Interviews with Brilliant People: Ex Fabula’s Megan McGee

Interviews with Brilliant People: Ex Fabula’s Megan McGee

Ex Fabula Executive Director Megan McGee
Ex Fabula Executive Director Megan McGee

Rocket Clicks had the pleasure of speaking with Megan McGee, a founder and the Executive Director for Ex Fabula. Ex Fabula is a Milwaukee-based organization dedicated to creating community bonds through the art of storytelling. Through stories and community outreach, McGee and the Ex Fabula team are working to stabilize neighborhoods and strengthen the city.

Rocket Clicks: Could you tell us about Ex Fabula, what it is, and what your role is?

Megan McGee: Ex Fabula is a Milwaukee nonprofit dedicated to strengthening community bonds through the art of storytelling. We’re mostly known for our monthly StorySlams, but we also do workshops and outreach events working in collaboration with local nonprofits, schools, businesses, etc.

We’ve been around since 2009 – and I’m one of the founders and currently the Executive Director (and only employee).

RC: What gave you and the other founders the idea to create a storytelling community in Milwaukee?

MM: We had all experienced different kinds of storytelling in different places: theatre, film, this American Life on the radio, storyslams in other cities, StoryCorps when it came to town… and we kept having conversations about how we loved storytelling events and wished someone would start one in Milwaukee. At some point, it occurred to us that we should be the ones to start it!

RC: And it seems to be a success so far. We’ve heard only good things about Ex Fabula. You mentioned outreach events earlier… What does Ex Fabula do in the community? There’s a new Spanish project in the works, right?

MM: We’ve collaborated with a bunch of different organizations this year: Harry and Rose Samson Jewish Community Center, Great Lakes Hemophilia Foundations, Waukesha Reads, ACLU’s Youth Social Justice Forum, etc.

The Spanish project is a collaboration with three groups (Ex Fabula, CORE/EI Centro, and UWM Translation and Interpreting Studies).

In short, we want to use stories to bridge communities – the English speaking and Spanish speaking. We’re still learning about how best to incorporate stories in other languages into Ex Fabula programming.

This year, the lineup will include two stories told in Spanish and interpreted into English as part of The Puente Project. This exciting opportunity to provide multilingual programing is made possible through a grant from UWM Cultures and Communities. Project participants invited by CORE/El Centro have met with an Ex Fabula storytelling coach to hone their storytelling abilities, and students from UWM Translation and Interpreting Studies are preparing to interpret stories into English when they are told live at the Spectacular.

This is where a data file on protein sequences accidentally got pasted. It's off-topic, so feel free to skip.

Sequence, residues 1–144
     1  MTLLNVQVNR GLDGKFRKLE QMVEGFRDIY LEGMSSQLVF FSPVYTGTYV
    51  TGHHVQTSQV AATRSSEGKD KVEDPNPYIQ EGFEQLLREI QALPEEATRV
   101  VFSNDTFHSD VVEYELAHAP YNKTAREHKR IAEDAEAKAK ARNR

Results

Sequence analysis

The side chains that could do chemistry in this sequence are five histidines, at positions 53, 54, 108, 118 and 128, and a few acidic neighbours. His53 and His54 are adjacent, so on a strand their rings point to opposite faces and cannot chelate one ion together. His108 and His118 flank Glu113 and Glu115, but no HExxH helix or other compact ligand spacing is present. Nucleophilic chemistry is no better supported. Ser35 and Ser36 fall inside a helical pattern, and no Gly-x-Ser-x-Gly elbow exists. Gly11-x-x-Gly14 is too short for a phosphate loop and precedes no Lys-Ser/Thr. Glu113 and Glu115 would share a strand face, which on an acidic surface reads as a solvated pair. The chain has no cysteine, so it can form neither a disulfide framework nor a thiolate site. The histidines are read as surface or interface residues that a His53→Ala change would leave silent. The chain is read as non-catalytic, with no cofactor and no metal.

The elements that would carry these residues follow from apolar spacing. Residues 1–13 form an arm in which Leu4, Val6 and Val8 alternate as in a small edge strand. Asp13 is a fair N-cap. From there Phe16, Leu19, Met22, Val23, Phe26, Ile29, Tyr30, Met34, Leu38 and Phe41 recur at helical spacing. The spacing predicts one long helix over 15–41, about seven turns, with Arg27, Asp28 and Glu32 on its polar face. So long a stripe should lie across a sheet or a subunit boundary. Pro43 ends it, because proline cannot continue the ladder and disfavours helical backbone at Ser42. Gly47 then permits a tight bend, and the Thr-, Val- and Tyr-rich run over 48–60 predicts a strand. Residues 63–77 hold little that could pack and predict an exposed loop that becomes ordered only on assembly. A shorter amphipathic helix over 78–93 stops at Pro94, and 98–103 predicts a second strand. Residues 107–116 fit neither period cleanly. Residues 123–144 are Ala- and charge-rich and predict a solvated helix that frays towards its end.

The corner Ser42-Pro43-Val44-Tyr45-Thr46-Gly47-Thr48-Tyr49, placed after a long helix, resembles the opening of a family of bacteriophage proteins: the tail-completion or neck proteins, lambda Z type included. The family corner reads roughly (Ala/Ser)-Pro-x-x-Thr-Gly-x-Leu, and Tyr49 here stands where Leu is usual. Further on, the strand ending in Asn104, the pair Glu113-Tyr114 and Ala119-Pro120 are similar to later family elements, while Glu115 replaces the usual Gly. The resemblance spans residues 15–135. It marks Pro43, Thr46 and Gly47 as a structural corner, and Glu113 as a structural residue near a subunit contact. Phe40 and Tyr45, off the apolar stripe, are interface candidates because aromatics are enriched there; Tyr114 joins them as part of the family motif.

(You can find more information about the project here)

RC: What has Milwaukee’s response been to Ex Fabula and community storytelling?

MM: Overwhelming! We had our first event in November 2009 just to see what would happen, and we quickly had to seek out bigger venues. In fact, the reason that I’m full time for Ex Fabula now is that people wanted to work with us, and we just didn’t have the capacity when we were all volunteers.

Storytelling isn’t a new thing – but I think people appreciate our take on it: the way that we encourage new storytellers, our efforts to hold events in different neighborhoods, and even how we incorporate community building into things like volunteer orientation.

RC: Ex Fabula does feel like a breath of fresh air in a genre that’s been around since people could speak. The concept of storytelling hasn’t really ever changed, but our surroundings sure do. Here at Rocket Clicks, we’re really technology driven, and that’s something that’s always changing. Has Ex Fabula jumped on any technology bandwagons? Have you used or will you use the internet, computers, iPads etc. for story telling?

MM: We collect audio and broadcast stories on WUWM and then archive them online. We also do videos from time to time. And of course, technology makes it easier for people to find their way to our events.

We don’t have much of a technology budget other than that! But in the future, we plan to add features to our website where people can add their own stories.

RC: We were also hoping you could tell us about the storytelling workshops Ex Fabula holds. Why are these workshops important?

MM: While storytelling is very natural – we all do it every day – not everyone knows how to effectively structure a story. Some people don’t know how to start a story, and others don’t know how to stop!

Our workshops cover techniques to structure stories, how to come up with good stories to tell, how to practice telling a story… all through hands on exercises – and work in pairs and small groups.

We create a safe environment where people can share stories and improve both their telling and listening skills. Through the workshops, we have been helping people feel ready to get on stage for the first time.

We’ve done this for nonprofits too, helping people to tell stories about the impact of the nonprofits’ work. So this can be about empowering individuals, but also about calling attention to important issues through storytelling.

RC: What would you tell someone who attends a Story Slam, but is maybe a little nervous or intimidated to drop their name in the hat. Any advice?

MM: Try telling your story to a friend before you get on stage. Have an idea for how you’ll end your story.

Be real, be vulnerable, and know that the audience is supporting you and appreciates that you are willing to share! And of course, come to a workshop! Our next public workshop will be in early February.

Visit to learn more about storytelling opportunities. Maybe you’ll feel brave enough to share a story!

Photo credit: Art Montes